As newspapers around the country are filled with stories of the United States and the United Nations working together to address some of the most serious issues confronting the world today, a new threat to the United Nations has emerged.
Rep. Ileana Ros-Lehtinen introduced damaging anti-UN legislation in Congress that would cut 50% of funding to the UN and all funding to agencies such as UNICEF and the World Food Programme.
In Libya, Sudan, Iraq, and Afghanistan, the U.S. and the UN are tackling serious security and political crises. The UN is also on the ground working to deliver critical humanitarian aid to those affected by natural catastrophes around the world — from the ongoing famine in the Horn of Africa to devastating earthquakes in Haiti and Japan.
We are hard-pressed to find a moment in history where the UN has played a greater role in promoting American interests. Despite the importance of this vital partnership between the U.S. and the UN, legislation was introduced in Congress last week that would threaten funding to the UN.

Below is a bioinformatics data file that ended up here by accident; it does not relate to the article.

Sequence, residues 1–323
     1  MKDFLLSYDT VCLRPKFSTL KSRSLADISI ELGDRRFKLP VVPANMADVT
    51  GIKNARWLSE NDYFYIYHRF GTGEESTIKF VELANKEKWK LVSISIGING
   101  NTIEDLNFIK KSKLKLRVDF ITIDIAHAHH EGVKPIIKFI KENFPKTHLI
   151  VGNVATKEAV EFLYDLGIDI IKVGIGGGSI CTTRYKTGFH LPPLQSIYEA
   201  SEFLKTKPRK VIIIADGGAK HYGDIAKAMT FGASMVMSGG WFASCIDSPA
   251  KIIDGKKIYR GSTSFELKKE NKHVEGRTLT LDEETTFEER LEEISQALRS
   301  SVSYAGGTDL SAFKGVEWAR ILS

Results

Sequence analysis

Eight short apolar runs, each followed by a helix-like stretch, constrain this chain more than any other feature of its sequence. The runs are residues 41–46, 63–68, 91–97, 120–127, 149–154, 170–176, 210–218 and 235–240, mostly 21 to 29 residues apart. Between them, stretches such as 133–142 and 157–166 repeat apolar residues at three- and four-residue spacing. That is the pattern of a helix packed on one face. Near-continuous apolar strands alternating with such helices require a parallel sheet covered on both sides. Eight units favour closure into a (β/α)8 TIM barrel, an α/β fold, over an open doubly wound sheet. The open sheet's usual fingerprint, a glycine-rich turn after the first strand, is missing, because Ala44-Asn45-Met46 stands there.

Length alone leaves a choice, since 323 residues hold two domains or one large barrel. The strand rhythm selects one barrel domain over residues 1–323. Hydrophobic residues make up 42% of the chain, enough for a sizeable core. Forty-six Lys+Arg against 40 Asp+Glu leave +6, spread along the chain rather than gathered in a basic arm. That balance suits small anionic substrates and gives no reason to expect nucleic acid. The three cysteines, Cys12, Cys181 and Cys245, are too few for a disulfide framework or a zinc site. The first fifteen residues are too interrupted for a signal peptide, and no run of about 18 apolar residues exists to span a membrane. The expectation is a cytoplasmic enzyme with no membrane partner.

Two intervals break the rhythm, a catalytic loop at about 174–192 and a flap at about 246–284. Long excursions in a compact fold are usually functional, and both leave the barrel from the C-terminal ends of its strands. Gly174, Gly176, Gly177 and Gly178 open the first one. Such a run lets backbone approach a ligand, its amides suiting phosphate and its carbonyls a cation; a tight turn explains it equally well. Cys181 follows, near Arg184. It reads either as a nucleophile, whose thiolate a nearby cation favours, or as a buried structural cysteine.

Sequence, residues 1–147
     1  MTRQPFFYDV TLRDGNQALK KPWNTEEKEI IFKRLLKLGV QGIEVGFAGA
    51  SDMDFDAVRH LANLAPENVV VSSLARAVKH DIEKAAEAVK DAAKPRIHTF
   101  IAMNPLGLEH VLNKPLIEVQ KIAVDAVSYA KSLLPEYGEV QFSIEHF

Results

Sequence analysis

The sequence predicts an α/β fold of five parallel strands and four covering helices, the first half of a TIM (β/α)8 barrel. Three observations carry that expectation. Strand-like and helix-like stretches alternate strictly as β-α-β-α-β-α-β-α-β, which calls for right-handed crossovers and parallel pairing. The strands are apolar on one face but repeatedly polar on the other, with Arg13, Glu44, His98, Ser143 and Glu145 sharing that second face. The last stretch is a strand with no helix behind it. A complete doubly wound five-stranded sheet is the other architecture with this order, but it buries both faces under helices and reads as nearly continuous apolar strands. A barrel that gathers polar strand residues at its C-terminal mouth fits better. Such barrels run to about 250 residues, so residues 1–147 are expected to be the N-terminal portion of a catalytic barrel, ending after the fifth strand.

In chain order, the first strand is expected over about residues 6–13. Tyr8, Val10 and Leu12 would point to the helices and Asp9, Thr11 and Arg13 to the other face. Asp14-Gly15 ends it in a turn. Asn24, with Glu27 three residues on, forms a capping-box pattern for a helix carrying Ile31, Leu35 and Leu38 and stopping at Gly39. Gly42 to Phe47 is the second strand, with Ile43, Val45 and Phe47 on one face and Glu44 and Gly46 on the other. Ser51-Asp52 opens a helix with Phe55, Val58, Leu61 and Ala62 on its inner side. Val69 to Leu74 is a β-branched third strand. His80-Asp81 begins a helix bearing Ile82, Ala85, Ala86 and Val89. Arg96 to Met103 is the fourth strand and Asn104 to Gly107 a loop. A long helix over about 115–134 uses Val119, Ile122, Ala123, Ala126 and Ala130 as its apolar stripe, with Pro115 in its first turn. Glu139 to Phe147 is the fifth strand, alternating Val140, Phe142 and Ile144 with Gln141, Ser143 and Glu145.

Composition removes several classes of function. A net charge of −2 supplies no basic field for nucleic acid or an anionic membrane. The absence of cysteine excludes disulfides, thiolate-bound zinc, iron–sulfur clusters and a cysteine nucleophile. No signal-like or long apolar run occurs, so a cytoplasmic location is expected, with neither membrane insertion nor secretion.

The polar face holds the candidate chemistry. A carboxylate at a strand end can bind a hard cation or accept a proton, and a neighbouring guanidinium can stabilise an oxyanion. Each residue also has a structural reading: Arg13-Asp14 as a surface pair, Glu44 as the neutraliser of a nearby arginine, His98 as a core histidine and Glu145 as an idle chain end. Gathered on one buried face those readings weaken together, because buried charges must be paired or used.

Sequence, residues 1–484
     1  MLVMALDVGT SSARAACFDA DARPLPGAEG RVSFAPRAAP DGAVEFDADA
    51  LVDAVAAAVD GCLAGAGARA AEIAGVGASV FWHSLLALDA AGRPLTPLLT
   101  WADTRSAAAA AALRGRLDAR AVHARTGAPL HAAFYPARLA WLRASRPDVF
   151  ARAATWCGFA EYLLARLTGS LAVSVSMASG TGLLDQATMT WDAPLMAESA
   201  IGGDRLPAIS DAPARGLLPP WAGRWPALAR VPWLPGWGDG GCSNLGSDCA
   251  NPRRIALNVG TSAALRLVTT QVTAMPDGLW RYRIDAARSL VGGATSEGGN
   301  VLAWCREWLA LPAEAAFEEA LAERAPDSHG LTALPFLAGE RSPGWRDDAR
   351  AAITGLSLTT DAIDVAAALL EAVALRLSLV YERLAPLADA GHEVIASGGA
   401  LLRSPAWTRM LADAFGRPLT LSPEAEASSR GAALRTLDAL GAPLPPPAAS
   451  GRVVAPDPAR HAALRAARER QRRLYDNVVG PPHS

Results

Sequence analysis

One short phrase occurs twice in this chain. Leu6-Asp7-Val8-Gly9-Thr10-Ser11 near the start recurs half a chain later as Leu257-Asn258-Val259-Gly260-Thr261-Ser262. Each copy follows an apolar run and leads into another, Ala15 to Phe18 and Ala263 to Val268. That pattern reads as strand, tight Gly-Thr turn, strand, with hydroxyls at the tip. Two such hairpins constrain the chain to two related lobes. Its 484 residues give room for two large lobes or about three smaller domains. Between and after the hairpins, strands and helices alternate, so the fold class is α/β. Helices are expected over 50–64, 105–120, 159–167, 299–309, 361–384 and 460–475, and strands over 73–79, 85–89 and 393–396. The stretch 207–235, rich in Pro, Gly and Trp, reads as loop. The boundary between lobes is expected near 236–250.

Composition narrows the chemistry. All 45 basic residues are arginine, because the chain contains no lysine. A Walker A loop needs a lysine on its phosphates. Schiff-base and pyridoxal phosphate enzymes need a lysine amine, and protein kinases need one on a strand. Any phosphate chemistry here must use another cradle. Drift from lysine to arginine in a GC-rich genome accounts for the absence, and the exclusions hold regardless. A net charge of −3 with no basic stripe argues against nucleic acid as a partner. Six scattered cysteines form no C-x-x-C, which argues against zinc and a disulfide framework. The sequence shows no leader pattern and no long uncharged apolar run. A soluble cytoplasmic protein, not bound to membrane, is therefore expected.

Such a drastic measure requires urgent action - tell Congress today to maintain funding for the UN and let the U.S. continue to lead positive change.
H.R. 2829 would have us withhold 50% of our obligated payments unless most UN funding is changed from assessed dues to voluntary contributions. A shift towards voluntary contributions would increase U.S. costs because countries could pick and choose what they want to fund. For example, under the current system the rest of the world pays almost 80% of the bill for the critical UN political missions in Iraq and Afghanistan - missions that are working to stabilize those countries so U.S. troops can come home. It's unlikely countries would continue picking up the tab for those missions specifically and overall, financial contributions from countries would certainly drop for other U.S. priorities under a voluntary funding scheme. Therefore, the UN regular budget should continue to be funded by assessed dues.
The reality is reforms and accountability come from engagement, not estrangement. The decision by the Obama Administration and Congress to return to our nation's longstanding tradition to support the UN and pay UN dues in full has made it easier for the U.S. to push for major reforms including strengthening UN oversight and ethics rules and streamlining peacekeeping field operations. Of course, more must be done, but with 193 member states, we cannot expect progress overnight or without setbacks. But much of this forward progress will be lost, as will the United States' ability to advance reform that best serves our interests, if the U.S. loses its legitimacy and seat at the UN by withholding payments.
I urge you to vote NO on H.R. 2829.